Patty took this photo at her farm a few years ago, and I adore it. To me this photo is everything a Fell Pony is: tough, strong, sturdy, warm, and stubborn. He's also tall, dark, and handsome. (My kind of man.) The day this photo was taken there were barns and piles of hay and shelter from the cold but he wanted to be outside, His druthers was his own.
Do you see the frost on his back? That's a good thing. Snow on a horses back, or even ice, means that the hair is working as a living blanket. Keeping his outside hairs colder and inner body warm. Snow can rest on a thick-coated equines back and never melt if all systems are working right. He's my tough love.
Chores were all done outside around 8AM. Inside chores started at 6:30, getting the house warmed up from the 44 degrees it slipped into during the night. I know some of you cringe to read that, but it is wonderful! Oh man, to wake up with a mission and to have the power to overcome the elements, you feel like a damned superhero! Fires are lit, wool is slipped over naked, steaming, skin. Shearling covers toes. Matches strike hope. Coffee perks and its elixir fills the room with a verve more potent than any drug, at least to me. Yes, the slushy ice-coated water in the dog bowl in the kitchen was a bit of a shock but that coffee was hot, the cream was thick, the sweater heavy, and spirits high.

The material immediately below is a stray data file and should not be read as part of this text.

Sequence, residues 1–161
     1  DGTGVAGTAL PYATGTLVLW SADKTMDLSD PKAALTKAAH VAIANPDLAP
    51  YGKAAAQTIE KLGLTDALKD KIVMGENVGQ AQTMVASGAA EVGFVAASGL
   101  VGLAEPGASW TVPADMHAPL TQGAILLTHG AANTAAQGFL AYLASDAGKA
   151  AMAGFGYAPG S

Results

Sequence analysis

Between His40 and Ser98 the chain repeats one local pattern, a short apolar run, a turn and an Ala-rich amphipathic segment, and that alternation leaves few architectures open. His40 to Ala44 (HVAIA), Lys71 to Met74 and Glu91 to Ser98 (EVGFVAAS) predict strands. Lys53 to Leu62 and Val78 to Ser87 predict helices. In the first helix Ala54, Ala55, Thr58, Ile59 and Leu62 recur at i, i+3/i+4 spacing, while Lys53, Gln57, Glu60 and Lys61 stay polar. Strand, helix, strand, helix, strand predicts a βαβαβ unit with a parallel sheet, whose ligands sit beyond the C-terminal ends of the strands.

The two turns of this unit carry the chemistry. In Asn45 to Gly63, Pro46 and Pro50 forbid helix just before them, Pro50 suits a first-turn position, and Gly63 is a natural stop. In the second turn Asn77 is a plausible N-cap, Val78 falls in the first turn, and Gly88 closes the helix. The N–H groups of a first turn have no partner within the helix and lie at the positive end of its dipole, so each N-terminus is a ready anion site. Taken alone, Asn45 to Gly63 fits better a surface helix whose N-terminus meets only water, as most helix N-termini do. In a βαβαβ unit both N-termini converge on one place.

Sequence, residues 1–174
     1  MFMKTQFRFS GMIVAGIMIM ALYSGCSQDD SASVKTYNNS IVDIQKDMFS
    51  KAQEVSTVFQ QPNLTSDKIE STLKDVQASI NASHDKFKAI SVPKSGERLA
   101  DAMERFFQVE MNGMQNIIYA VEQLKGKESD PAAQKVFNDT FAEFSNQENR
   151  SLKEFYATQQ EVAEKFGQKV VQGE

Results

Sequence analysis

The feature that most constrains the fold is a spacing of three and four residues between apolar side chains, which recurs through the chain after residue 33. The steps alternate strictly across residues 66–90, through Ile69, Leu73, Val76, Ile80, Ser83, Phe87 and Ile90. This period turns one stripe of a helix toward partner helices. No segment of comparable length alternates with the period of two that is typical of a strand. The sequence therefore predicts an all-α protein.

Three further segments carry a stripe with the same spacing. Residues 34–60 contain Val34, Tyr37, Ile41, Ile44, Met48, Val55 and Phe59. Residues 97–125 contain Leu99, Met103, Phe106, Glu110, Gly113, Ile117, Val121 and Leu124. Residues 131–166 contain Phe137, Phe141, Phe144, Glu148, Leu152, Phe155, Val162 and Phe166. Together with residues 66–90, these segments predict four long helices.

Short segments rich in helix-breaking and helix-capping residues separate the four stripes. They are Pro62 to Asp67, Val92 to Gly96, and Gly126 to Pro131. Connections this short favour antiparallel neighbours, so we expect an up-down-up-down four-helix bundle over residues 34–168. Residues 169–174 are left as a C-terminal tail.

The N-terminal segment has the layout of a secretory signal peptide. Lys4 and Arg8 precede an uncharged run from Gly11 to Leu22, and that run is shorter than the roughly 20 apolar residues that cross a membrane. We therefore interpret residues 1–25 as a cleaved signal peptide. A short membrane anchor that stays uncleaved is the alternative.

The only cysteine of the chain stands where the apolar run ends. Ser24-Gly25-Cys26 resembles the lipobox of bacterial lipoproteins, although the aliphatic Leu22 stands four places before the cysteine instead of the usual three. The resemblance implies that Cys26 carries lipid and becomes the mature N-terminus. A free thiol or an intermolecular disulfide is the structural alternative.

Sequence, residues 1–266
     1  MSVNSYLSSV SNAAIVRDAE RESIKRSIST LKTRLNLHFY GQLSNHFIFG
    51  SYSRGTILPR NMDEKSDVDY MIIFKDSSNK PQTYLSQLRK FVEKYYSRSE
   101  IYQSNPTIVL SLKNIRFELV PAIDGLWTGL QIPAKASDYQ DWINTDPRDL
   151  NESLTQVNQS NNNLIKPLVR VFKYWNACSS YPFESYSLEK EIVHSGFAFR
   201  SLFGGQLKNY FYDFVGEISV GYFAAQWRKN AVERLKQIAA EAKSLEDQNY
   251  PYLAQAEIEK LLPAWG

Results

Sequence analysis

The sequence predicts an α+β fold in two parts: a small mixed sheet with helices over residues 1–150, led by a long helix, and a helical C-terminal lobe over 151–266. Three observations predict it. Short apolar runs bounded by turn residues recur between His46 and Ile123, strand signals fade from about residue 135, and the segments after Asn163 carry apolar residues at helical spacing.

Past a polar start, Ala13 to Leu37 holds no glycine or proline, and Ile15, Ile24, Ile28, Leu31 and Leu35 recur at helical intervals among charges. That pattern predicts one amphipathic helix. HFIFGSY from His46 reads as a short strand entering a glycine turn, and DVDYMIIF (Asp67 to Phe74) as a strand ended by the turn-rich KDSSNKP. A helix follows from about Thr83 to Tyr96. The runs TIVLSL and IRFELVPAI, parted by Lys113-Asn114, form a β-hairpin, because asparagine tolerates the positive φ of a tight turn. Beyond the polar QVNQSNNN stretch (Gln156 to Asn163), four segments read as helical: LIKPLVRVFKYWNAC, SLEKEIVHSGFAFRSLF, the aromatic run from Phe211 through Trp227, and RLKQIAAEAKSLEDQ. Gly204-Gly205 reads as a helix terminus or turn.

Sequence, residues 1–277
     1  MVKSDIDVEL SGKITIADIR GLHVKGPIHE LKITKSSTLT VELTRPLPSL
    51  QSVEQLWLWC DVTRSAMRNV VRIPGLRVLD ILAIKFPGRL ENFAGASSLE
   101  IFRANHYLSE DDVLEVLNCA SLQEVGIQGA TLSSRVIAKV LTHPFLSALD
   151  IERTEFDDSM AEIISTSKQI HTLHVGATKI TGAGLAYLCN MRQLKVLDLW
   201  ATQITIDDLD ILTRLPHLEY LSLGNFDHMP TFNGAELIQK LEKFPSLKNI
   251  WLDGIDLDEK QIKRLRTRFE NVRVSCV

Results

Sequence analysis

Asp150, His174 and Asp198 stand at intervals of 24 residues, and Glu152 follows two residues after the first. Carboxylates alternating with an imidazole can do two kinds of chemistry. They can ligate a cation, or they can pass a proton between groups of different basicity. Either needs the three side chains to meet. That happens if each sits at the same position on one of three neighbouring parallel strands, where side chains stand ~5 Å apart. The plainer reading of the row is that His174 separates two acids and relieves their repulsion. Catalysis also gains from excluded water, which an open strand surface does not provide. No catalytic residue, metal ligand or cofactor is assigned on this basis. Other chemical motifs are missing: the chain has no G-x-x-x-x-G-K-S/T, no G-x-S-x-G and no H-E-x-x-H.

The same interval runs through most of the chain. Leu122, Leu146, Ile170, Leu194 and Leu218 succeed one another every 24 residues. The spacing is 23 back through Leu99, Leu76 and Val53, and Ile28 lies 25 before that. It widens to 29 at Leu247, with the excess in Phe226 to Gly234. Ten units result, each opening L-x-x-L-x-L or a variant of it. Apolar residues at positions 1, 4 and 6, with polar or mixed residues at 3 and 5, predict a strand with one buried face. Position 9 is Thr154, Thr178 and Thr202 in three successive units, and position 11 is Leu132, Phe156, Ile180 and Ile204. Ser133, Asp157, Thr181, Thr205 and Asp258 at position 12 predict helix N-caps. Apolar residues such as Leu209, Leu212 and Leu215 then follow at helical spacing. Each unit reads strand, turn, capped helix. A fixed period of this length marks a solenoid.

To wake up comfortable under a pile of wool and sheepskins and see the steam rise off your body makes me feel like a woman warrior from another time. To greet the day on fire, literally smoking, puts your mind into this primal mode of action and comfort. The trick to sleeping warm in cold weather is to always sleep naked. Even a tee shirt and shorts under that pile of wool and skins stops the body from radiating the furnace it needs. Sleep naked. It's better. We keep forgetting we are animals. I was warmer under that pile than any resort spa's sauna.
In years past mornings like this were met with fear. Not today. All the animals on this farm are now tended by a woman with nearly a decade of experience. Mistakes were made in the past, for sure, but last night not one turkey, chicken, sheep, pig, goat or horse seemed worse for wear. All had thick, warm, beds. All had wind-free shelter. All had more calories than I ate on Thanksgiving. All had been checked on during the night. They are bonnie and braw.
So were this 1860's house's pipes - which did not freeze! Now the house is up to 52 degrees and the fires are roaring. I am roaring too. I feel strong, and motivated as hell. I have a real task ahead to achieve this week and I will figure out a way to meet it. If I can keep this place running smooth at -18 degrees; I can handle a few bills. At least that is the mindset I am choosing. Half the battle in this scrappy life is deciding you already won.
I received a letter from the bank today that I have a week to compile two mortgage payments. Expect to see announcements on things the farm has to offer, as I will be selling hard! I'll post about the rest of the summer's workshops, season passes, Indie Days, and more. This month had over a grand in unexpected bills thanks to the truck and Friday's emergency visit. So I am going to grit my teeth and figure it out. I'll put up items for sale here and on Facebook as well. By this next Friday the check has to literally be in the mail. So it will be. That is all there is to say about that!